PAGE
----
Judge limits new California law protecting vaccination sites
A federal judge has thrown out California's new 30-foot buffer zone designed to restrict protests at coronavirus vaccination sites, though his ruling left in place other parts of a new state law despite arguments that it infringes on free speech.
The law that took effect Oct. 8 makes it illegal to come within 30 feet (9.14 meters) of someone at a vaccination site “for the purpose of obstructing, injuring, harassing, intimidating, or interfering with that person.”
U.S. District Judge Dale Drozd ruled Saturday that the 30-foot limit, which is contained in what he called the law's “uncommon definition of ‘harassing,’” is too restrictive.
So he issued a temporary restraining order barring the state from enforcing the “harassing” portion of the law, while leaving in place the ban on obstructing, injuring, intimidating or interfering.
Those other portions of the law “appear to more precisely target the harms that the Legislature sought to prevent and further the state’s interest in ensuring that Californians can freely access vaccination sites,” he ruled.
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Opponents said the bill is written so broadly that it includes any vaccine and can also apply to anti-abortion protesters.
Alliance Defending Freedom sued on behalf of Right to Life of Central California, which is located next to a Planned Parenthood abortion clinic that offers the HPV vaccine against the human papillomavirus, but not vaccinations against COVID-19.
The anti-abortion group said the law, as written, would block its members from approaching women on the public sidewalk and street outside its own building and even in its own parking lot.
The ruling came as the U.S. Supreme Court on Monday coincidently considered whether it would allow legal challenges to a Texas law that has virtually ended abortion in the nation’s second-largest state after six weeks of pregnancy.
The problem in California, the most populous state, lies with the law's definition of harassing, which “is far broader than the dictionary definition of the word ‘harass,’” Drozd said in his 28-page decision.
It includes approaching within 30 feet of a person or vehicle, without consent, "for the purpose of passing a leaflet or handbill to, displaying a sign to, or engaging in oral protest, education, or counseling with, that other person in a public way or on a sidewalk area.”
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Moreover, the state attorney general's interpretation of the law, in court filings and oral arguments, “is so vague that it is conducive to different and conflicting interpretations on what conduct is even prohibited by its terms," Drozd wrote.
California Attorney General Rob Bonta's office, which defended the law, said it would “continue to defend the law and work to ensure that any Californian who would like to be vaccinated is able to obtain their COVID-19 vaccine without intimidation.”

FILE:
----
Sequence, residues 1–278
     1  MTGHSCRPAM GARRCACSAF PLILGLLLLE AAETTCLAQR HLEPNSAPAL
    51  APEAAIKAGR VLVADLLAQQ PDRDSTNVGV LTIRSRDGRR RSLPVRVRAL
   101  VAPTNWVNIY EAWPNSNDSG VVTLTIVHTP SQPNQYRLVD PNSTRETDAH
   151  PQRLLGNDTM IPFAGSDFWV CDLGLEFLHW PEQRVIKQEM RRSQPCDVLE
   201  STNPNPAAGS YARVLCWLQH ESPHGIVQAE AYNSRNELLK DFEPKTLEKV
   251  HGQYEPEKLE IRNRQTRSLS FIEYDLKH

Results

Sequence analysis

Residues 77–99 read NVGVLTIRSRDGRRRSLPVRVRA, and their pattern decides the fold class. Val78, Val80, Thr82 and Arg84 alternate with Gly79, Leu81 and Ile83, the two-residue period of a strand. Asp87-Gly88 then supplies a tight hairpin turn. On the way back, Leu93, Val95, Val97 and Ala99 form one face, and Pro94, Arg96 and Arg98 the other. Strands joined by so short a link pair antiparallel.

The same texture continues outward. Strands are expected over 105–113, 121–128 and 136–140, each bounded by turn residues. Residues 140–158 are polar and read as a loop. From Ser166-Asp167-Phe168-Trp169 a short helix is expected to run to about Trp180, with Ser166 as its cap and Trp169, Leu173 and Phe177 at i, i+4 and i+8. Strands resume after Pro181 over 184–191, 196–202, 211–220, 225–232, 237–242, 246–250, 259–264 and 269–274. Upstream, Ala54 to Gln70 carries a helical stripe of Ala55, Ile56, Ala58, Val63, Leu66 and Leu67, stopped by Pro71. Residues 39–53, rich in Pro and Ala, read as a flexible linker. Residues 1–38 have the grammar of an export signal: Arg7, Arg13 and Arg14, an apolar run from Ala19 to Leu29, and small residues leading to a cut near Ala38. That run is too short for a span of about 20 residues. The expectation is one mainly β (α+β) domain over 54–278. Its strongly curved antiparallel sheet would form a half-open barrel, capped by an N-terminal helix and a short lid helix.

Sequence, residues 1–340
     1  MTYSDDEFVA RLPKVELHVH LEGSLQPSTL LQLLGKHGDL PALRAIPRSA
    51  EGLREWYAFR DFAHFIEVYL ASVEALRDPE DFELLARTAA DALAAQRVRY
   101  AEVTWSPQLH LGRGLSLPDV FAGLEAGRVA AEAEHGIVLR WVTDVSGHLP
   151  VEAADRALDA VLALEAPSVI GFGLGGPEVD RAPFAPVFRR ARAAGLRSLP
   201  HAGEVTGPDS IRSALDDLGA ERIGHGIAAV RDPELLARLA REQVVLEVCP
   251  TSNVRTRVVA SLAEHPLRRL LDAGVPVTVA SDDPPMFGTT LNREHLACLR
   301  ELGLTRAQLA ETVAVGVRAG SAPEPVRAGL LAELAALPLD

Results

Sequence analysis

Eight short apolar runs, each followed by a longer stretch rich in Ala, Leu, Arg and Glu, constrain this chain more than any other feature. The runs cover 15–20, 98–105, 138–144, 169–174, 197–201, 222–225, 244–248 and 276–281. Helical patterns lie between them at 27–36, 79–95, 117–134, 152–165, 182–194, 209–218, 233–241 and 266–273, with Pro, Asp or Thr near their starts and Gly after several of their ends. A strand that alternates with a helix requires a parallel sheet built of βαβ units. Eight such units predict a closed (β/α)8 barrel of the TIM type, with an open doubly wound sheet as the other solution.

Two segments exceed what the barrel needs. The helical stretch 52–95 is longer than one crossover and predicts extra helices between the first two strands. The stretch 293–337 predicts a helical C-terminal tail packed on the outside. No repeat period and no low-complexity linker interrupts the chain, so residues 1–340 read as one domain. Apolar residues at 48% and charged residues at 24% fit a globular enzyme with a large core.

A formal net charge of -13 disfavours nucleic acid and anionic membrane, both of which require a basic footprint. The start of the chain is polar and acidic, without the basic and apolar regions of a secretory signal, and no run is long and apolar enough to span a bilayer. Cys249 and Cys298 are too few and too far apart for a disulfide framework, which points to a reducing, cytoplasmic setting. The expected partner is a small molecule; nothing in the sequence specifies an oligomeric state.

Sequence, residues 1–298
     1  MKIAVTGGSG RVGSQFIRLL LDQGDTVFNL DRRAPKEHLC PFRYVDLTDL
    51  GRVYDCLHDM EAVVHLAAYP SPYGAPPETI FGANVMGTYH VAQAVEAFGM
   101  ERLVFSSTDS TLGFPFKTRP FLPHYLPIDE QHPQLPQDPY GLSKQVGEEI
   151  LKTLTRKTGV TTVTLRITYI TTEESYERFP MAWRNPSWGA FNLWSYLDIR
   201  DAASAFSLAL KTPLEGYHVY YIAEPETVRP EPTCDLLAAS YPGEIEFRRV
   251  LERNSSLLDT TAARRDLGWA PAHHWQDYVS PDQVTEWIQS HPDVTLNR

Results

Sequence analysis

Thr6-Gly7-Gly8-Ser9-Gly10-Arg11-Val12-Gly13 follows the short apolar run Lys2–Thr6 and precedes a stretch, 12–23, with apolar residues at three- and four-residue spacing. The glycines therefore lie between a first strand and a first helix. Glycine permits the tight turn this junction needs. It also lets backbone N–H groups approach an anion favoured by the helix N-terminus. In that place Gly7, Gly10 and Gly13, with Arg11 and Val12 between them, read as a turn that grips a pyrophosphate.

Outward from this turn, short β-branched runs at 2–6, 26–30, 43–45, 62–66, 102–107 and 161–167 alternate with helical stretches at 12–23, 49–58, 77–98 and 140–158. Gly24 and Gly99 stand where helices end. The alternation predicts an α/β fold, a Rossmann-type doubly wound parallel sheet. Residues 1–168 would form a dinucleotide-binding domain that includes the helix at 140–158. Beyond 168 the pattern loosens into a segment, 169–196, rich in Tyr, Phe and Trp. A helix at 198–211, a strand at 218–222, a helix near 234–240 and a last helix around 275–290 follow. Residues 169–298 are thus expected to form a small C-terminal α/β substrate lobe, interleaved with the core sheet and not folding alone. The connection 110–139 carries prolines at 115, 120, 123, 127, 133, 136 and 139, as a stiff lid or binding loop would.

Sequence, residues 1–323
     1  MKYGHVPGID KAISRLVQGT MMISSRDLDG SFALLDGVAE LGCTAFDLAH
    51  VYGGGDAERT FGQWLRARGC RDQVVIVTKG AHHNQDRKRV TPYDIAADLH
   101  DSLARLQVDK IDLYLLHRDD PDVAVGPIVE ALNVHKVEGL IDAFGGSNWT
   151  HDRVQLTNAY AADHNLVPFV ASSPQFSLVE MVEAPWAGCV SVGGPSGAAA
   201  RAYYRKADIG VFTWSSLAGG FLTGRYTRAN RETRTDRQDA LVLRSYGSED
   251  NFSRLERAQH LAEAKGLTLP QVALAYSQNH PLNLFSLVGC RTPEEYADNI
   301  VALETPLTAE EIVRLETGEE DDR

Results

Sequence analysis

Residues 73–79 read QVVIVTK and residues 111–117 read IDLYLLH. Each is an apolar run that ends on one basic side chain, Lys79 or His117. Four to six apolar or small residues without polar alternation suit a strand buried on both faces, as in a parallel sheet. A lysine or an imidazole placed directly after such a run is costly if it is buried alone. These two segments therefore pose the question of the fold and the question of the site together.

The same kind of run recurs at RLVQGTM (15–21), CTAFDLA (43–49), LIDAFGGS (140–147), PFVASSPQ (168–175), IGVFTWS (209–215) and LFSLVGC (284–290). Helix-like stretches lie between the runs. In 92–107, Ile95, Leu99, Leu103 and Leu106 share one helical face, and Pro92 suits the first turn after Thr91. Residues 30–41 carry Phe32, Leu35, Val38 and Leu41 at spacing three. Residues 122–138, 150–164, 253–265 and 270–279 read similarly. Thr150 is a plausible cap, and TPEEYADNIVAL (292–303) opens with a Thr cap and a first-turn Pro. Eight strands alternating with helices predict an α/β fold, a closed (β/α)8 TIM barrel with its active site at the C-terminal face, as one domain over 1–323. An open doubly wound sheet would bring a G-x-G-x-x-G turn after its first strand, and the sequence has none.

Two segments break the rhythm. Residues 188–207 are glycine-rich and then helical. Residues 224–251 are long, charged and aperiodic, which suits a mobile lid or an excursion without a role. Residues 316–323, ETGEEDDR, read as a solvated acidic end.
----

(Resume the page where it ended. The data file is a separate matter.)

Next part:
“There can be no doubt that access to COVID-19 vaccines is essential to ‘stemming the spread of COVID-19,’ and that a state’s interest in ensuring its citizens can access and obtain COVID-19 vaccinations is compelling,” Dozd wrote, though he said it is less clear whether that should apply to all vaccines.
“Despite these undeniable facts, the court recognizes that the COVID-19 vaccines have been a subject of controversy and protest,” he wrote.
Yet the groups said the law violated their First Amendment rights to freedom of speech, religion and association, and Fourteenth Amendment rights to due process and equal protection when it comes to opposing abortions.
Violators could face up to six months in jail and a fine up to $1,000. But lawmakers included an exemption for picketing during a labor dispute, which Drozd said created another legal conflict.
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Both sides claimed victory after the initial decision.
“Free speech won the day not just for our client, Right to Life, but for every other speaker in California," Alliance Defending Freedom Senior Counsel Denise Harle said in a statement. She said the law's exemption for labor picketing created a “double standard in restricting pro-life outreach while permitting other types of speech.”
Democratic Sen. Richard Pan, a pediatrician, prominent vaccination proponent and author of the bill, said the judge “ultimately ruled against anti-vaccine extremists who attempt to obstruct and interfere with vaccination delivery.”
Crystal Strait, board chairwoman of bill proponent ProtectUS, said in an email that the ruling “is a step in finding balance between dangerous/reckless behavior of extremists and the first amendment.”
A second lawsuit in a different federal court, this one by Life Legal Defense Foundation 's chief legal officer, Katie Short, makes a much broader free speech argument.
“Creating speech-free zones around every drug store, stand-alone health clinic, and supermarket in the state in order to re-assure the occasional customer seeking a vaccine of some kind is hardly a narrowly drawn restriction on speech,” the foundation's lawsuit contends.
The foundation's request for a restraining order in that case has yet to be decided.